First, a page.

One player who seemed to make progress in fight back from injury was Kevin Youkilis, who went 0-for-4 but show no signs of the back spasms that sidelined him throughout the Angels series causing any sort of problems. His improved health was evidenced in the seventh inning when he beat out a potential 4-6-3 double play with inspired hustle down the line.
“I feel pretty good, just little things here and there,” Youkilis said. “I felt good out there and I’m glad to be back playing. I felt good. I felt probably good enough where I could have played yesterday but they wanted to hold me back another day so I was playing at a higher level today.”
|09.18.09 at 6:27 pm ET|
BALTIMORE — Tim Wakefield’s path to another start, scheduled for Monday in Kansas City, remained on target after the pitcher threw 40 pitches without incident in a bullpen session prior to Friday night’s Red Sox game against the Orioles, at Camden Yards.
When asked if he was still all set for a Monday start, Wakefield simply said, “In my mind, yes.”
“He did pretty well,” Red Sox manager Terry Francona said Wakefield’s side sesson. “I think he felt some improvement. We’ll check him tomorrow and do some strength testing with the idea that he’ll pitch on Monday.”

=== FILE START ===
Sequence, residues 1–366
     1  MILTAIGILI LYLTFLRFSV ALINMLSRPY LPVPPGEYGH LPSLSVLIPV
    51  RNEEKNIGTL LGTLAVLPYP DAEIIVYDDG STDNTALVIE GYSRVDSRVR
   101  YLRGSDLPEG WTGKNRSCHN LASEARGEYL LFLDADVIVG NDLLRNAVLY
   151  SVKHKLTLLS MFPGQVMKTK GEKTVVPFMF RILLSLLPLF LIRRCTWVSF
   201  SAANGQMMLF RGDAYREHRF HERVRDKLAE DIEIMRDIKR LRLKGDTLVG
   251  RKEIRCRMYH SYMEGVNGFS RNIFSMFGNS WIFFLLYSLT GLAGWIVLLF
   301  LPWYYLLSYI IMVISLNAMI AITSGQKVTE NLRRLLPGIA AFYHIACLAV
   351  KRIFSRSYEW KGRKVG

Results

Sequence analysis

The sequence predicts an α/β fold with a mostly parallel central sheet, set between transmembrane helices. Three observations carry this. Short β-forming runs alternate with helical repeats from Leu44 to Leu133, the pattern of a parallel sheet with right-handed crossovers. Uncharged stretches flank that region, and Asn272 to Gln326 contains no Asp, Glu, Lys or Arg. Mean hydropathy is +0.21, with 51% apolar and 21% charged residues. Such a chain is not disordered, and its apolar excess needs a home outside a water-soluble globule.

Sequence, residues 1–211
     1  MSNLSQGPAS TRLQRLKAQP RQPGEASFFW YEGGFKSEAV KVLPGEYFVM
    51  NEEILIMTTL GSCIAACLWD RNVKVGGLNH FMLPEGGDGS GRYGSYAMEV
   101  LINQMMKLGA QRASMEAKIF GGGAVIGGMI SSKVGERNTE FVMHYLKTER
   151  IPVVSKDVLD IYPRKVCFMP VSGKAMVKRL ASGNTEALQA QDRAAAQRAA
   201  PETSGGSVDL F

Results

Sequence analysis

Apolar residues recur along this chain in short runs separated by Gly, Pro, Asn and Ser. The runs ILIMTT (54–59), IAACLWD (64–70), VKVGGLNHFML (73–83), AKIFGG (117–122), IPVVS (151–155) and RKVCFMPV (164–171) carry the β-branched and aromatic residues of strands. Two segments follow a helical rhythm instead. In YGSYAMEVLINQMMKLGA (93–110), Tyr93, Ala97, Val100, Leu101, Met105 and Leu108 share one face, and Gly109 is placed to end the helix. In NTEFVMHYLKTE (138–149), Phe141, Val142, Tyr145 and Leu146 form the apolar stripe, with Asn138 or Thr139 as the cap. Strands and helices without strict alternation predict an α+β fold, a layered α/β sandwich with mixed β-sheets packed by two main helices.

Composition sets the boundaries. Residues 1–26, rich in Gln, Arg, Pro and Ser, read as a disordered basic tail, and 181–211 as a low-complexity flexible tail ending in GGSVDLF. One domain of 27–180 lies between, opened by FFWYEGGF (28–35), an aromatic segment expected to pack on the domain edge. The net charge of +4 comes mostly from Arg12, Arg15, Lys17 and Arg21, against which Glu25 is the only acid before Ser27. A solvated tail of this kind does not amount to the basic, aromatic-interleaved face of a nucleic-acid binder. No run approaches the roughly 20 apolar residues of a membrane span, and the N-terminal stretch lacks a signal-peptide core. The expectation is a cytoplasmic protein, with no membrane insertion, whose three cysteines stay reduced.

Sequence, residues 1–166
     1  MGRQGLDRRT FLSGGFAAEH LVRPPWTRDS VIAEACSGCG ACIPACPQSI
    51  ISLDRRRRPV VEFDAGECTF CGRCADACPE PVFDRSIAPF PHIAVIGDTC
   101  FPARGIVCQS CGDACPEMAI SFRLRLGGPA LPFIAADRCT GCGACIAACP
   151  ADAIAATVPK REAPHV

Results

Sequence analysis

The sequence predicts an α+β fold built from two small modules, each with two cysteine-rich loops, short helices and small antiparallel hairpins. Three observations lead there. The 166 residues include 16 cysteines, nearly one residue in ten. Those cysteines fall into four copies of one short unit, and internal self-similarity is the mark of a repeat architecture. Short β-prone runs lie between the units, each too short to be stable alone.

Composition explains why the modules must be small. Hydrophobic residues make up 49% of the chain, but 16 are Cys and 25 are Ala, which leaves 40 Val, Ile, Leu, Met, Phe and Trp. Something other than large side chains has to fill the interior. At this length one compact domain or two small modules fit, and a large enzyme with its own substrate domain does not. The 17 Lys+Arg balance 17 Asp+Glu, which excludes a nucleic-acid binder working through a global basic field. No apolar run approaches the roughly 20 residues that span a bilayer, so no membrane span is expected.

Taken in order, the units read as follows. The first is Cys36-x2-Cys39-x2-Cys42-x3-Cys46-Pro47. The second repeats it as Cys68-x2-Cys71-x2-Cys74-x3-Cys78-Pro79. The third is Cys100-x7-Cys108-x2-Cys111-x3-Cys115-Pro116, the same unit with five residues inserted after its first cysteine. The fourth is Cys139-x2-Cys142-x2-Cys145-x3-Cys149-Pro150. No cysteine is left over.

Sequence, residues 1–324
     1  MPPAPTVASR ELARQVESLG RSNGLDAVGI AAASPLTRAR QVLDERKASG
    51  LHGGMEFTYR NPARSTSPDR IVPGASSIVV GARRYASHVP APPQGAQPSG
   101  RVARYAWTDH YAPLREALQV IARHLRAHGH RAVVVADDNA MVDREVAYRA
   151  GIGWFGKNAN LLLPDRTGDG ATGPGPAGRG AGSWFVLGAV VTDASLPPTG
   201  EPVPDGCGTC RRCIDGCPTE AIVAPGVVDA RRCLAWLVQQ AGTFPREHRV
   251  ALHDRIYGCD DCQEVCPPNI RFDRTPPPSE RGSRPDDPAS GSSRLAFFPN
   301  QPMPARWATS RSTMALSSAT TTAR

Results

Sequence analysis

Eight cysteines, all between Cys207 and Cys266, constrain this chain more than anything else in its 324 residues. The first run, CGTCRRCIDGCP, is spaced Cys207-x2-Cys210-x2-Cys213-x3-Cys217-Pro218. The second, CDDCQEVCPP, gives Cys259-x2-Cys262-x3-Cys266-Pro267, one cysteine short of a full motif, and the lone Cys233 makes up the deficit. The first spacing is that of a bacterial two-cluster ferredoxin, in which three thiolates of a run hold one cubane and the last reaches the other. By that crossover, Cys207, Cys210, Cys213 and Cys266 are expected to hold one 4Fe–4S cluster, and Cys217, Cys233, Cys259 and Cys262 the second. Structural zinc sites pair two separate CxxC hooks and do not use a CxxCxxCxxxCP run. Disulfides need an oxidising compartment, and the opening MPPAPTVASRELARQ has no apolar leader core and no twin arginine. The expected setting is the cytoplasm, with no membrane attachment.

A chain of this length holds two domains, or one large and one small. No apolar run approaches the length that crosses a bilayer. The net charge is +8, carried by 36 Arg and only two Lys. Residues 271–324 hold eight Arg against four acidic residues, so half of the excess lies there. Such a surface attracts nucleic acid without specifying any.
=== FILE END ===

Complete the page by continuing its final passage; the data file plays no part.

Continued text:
If for some reason Wakefield isn’t ready to go against the Royals, one option to replace him in that start won’t be Josh Beckett, who will get an extra day of rest this week and will pitch on Wednesday with Paul Byrd slated to appear on Tuesday.
“We wanted to give Beckett an extra day,” Francona said. “We’ve had a lot of conversations, especially with he and Lester because they’ve carried a big load. When we all feel like it’s in their best interest we try and do it.”
Beckett and Lester are sixth and seventh, respectively, in the American League for total number of pitches thrown. Beckett has thrown 3,166, while Lester stand at 3,136.